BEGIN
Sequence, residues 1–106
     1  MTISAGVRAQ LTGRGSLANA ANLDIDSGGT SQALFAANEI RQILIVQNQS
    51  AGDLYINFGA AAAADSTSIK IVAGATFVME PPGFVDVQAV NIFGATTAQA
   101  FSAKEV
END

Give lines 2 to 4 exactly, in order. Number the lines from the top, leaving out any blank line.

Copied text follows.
     1  MTISAGVRAQ LTGRGSLANA ANLDIDSGGT SQALFAANEI RQILIVQNQS
    51  AGDLYINFGA AAAADSTSIK IVAGATFVME PPGFVDVQAV NIFGATTAQA
   101  FSAKEV